Where there is no law, but every man does what is right in his own eyes, there is the least of real liberty
Henry M. Robert

The main lesson

It is time to draw conclusions. Not about “them.” About ourselves. It is time to look for like-minded people and do all we can to avoid having to go back to street protests
22 February, 2018 - 10:50
Photo by Mykhailo MARKIV

On every anniversary of the massacre in the center of the capital, it is customary to talk about the Maidan lessons learned or not learned by the Ukrainian authorities. It is based on these premises that the active part of Ukrainian society determines its plans for further action. Some say that we need to complete the second Maidan, and therefore call for another uprising. Others propose to wait for the next election, and when it comes, approach the political choice more carefully, soberly evaluating the candidates. This is for some reason considered an evolutionary way of development. Although the choice between Yulia [Tymoshenko] or Vitia [Yanukovych], Petia [Poroshenko] or non-Petia has nothing to do with actual evolution, that is, the acquisition of the qualities necessary for survival in a changing environment.

Summarizing the main conclusions that Ukrainian society defines as the lessons of the Maidan, they can be one way or another reduced to two groups. The first: “We can repeat it.” That is, when the government, which is seen as criminal a priori, will cross a certain line, we will again gather in the squares. The second: “Choose not with the heart, but with the mind.” Through it, Ukrainians are constantly trying to idealize, devalue or rationalize some specific politicians that are present at the moment.

In fact, the Maidan was a historical moment when people felt the need to be the subject, not the object of the political process in the country. For all of us, the lesson of the Maidan should be the understanding that it is impossible to turn a crowd into such a subject. We have already tried that and we have not succeeded. Instead of forming groups and entering into the political process, the active part of the citizenry that understands that the country is moving in a wrong way, in a wrong direction, and towards wrong objectives – that part has been arguing about the expediency of another uprising. It should have become that politically active subject that should have emerged in the country, that quality or characteristic feature that should have formed in the collective body of Ukraine and become a preventive mechanism, an evolutionary acquisition for an integrated social organism.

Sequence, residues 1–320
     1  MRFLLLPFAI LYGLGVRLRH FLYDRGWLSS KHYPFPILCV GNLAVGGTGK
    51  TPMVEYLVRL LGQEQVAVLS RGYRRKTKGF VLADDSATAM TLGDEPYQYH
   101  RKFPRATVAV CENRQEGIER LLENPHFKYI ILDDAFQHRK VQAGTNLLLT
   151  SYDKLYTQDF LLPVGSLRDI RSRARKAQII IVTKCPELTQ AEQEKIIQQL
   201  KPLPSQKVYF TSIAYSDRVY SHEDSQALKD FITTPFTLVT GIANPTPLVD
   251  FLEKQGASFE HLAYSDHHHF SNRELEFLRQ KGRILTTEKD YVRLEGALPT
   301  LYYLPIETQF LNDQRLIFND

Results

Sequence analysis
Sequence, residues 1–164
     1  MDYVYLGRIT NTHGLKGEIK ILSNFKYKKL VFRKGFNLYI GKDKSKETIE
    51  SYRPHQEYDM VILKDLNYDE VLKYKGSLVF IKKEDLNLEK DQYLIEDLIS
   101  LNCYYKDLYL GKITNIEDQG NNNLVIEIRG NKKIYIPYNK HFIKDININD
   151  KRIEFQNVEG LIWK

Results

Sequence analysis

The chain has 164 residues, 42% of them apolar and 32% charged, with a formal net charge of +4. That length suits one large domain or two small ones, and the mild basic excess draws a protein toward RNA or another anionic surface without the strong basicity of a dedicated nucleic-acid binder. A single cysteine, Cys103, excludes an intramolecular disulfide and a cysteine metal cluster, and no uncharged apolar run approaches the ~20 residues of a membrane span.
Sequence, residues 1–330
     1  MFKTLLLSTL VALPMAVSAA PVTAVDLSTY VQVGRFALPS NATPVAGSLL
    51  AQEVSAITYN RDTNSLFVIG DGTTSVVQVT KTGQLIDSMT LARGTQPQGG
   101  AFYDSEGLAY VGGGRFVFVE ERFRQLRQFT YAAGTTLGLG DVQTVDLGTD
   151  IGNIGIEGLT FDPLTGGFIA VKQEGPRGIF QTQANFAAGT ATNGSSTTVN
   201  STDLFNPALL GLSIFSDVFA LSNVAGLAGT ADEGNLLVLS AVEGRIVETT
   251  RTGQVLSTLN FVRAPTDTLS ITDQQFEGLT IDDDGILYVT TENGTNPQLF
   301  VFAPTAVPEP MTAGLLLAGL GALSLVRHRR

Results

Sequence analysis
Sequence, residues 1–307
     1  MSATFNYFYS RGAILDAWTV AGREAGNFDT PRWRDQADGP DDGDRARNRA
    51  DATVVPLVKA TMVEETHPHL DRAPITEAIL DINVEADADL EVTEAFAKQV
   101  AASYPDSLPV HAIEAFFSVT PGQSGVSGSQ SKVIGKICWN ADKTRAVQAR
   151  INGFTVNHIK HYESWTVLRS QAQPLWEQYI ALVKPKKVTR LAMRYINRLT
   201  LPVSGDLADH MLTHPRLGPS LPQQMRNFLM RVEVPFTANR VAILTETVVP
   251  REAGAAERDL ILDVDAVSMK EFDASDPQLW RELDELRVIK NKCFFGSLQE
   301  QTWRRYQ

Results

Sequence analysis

What would have happened if Ukrainians had been able to elect a parliament that would have had a majority opposed to then-president in 2012? Could it be possible to solve the problem of Viktor Yanukovych’s removal from power without bloodshed then? What would have been the fate of Crimea, if the legal balance between the main ethnic groups of the peninsula had been established in advance? Could Viktor Yushchenko have succeeded in throwing out the Russian Black Sea Fleet from the Ukrainian peninsula if he had relied on the right of the indigenous people to decide on the presence of military bases in its territory?

What would have happened if a majority of society had not seen in the law the instrument of coercion and punishment from the very beginning of independence, but had sought to create a national legal field in which the law is a means of communication between the state and the citizen that is convenient and useful for all? If the business in this country had developed not on the basis of oligarchic monopolies, but on the principles of free competition and open access for a healthy private initiative of the citizens, and the Ukrainian army had been built to the NATO standards from the outset? Could Ukraine have prevented a great many soldiers betraying it in Crimea, if earlier, without waiting for an invitation to the alliance, it had sought to do more and used other approaches to military and patriotic education of soldiers? If the requirements of the Law ‘On Defense’ had been met and martial law declared in the first days of the attack on Crimea? If the General Headquarters had been created, and the task of defending the nation entrusted to soldiers, not politicians? What would have happened if the person holding the position of the head of the army had been appointed out of strategic considerations, and not to fill a political quota? Would this change something?

We will never know the answers to these questions. But worst of all, there is nobody who wants to know what we all – not politicians, but citizens – could have done differently to get a different result. In order to build institutions, we need to understand issues which we face. And to achieve that, we need a political class that understands the demands of time, has learned from its mistakes and drawn the necessary conclusions for the future. We need to want and strive for political influence. It is much more complicated, but also more effective, than being the object in other people’s political struggle.

It is time to draw conclusions. Not about “them.” About ourselves. It is time to look for like-minded people and do all we can to avoid having to go back to street protests. The main lesson of the Maidan is that it is precisely the active, civic-minded Ukrainians who need to learn its lessons.